OmniFocus 2 for Mac & Scripting

AppleScript support in OmniFocus 2 is a Pro feature—it’s extremely powerful. AppleScript is a programming language that interfaces directly with features of an application; it allows for manipulation of data or interface elements in apps that add support for it.

OmniFocus 2 has improved AppleScript support but should work with older, already-compiled scripts. Now that OmniFocus lives in a sandboxed environment, though, it’s worth taking a look inside and making some basic changes to bring ‘em all up to date. Get familiar with OmniFocus 2 AppleScript changes here.

If you do run into a problem with a specific script, check these changes first. If there’s a bug, let us know.

Using JavaScript for Automation in OS X

In OS X v10.10, JavaScript was added as an alternative to AppleScript. There’s a must-read site full of documentation about the addition, and Brandon Pittman has a great library started: OmniFocusLibrary.js

The resources listed here don’t yet incorporate JavaScript at all.

Pretty Common Stuff

Actually, common is a bit of a misstatement! If you can dream it, you can probably achieve it with AppleScript and some glue. Starting with something simple like moving a due date forward by two weeks with the click of a button, to the advanced: generating a PDF of all completed, flagged actions in the last few weeks and emailing it to a partner or manager. (And then this thing and that thing and maybe a thing or two more…)

Folks have added entirely new features to OmniFocus: Curt Clifton’s Populate Template Placeholders script (and Chris Sauves own implementation, a script to find actions from a particular sender in your database from Mail, for deferring, for support documents, etc.

Helmut wrote quite a bit on deferring tasks quickly, made a mashup with a few other scripts, and paired it with Alfred. Massively convenient and all backed by AppleScript.

This won’t be a tutorial or a walkthrough on the entire OmniFocus 2 AppleScript library, but you will get a few examples of the flexibility.

Getting data into OmniFocus

Some people use OmniFocus for everything; here’s an “everything” example:

tell application "Radium"
    set actionTitle to "Listen to more " & track name
    tell application "OmniFocus"
        tell default document
            parse tasks into it with transport text actionTitle
        end tell
    end tell
end tell

Radium is an internet radio player that lives in your menubar. Anytime a new, interesting song is played, running this script will add it to your Inbox for later. It’s up to you to process later, but it’s a good example of adding an action via AppleScript.

AppleScript results of the above script.

Views

Switching views quickly is super easy with the new Quick Open feature in OmniFocus 2. Hit ⌘O, start typing where you’d like to go, and WHA-BAM: you’re there. (After you hit return.)

But you can incorporate switching, opening, and adding views to your workflow just as easy with AppleScript. (It’s even more useful with a systemwide quick-launcher like Launchbar, Alfred, or Quicksilver!)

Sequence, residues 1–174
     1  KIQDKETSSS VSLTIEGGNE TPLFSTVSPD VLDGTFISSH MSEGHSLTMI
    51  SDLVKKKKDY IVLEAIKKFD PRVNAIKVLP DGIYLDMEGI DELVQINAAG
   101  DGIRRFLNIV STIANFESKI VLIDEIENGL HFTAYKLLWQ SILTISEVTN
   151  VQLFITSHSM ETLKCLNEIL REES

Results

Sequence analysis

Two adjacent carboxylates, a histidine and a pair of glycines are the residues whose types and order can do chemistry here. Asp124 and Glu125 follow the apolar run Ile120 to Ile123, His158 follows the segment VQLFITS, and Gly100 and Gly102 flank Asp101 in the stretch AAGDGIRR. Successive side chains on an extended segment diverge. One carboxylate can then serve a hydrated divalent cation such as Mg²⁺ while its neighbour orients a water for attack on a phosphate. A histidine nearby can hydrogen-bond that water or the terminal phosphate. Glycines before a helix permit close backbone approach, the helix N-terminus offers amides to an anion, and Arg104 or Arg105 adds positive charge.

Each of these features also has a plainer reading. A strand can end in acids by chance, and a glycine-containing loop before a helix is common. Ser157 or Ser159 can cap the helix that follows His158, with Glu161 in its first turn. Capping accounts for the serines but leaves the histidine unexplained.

Here’s how to activate a perspective in your frontmost window:

tell application "OmniFocus"
    tell the default document to tell the front document window
        set perspective name to "Review"
        activate "OmniFocus"
    end tell
end tell

You can also open that up in a new window so you don’t mess with your current window’s configuration:

tell application "OmniFocus"
    tell default document
        make new document window with properties {perspective name:"Review"}
        activate "OmniFocus"
    end tell
end tell

If you do use Launchbar, just put those scripts in your ~/Library/Application Support/Launchbar/Actions/ folder. You could then open a new perspective window from wherever you are.

Exporting, Copying, Emailing

You can perform common actions from the File menu, too. Boss wants an email every week to know what you have on your plate? Run this script to email off a list of your “Due Soon” actions:

--Variables:
set theRecipient to "boss@example.com" --Your email address
set thePerspective to "Due Soon" --The exact Perspective name
set theSubjectOfMessage to "My due soon tasks" --The Subject of Email
set theSender to "Jon P. Snow"
set POSIXpath to POSIX path of "/Users/Jon/Library/Containers/com.omnigroup.OmniFocus2/Data/Documents/tasklist.txt"

tell front document of application "OmniFocus"
    tell front document window
        set perspective name to thePerspective
        save in POSIXpath as "public.text"
    end tell

end tell

tell application "Mail"
    set theMessage to make new outgoing message with properties {subject:theSubjectOfMessage, sender:theSender}
    tell content of theMessage
        make new attachment with properties {file name:POSIXpath} at after last paragraph
    end tell
    tell theMessage
        make new to recipient with properties {address:theRecipient}
    end tell
    send theMessage
end tell

A Sandboxing Note

Remember, a requirement to being in the App Store is sandboxing: making sure the application cannot touch anything else on the system you haven’t explicitly given it permission to touch. You can continue to install scripts that live in your toolbar at a specific spot:

~/Library/Application Scripts/com.omnigroup.OmniFocus2

You can get there quickly by heading to Help->Open Scripts Folder.


Further

Mail

Adding Actions

Acting on Actions

Templating

Other!

Know of something worth including here? Send ‘em our way: inside@omnigroup.com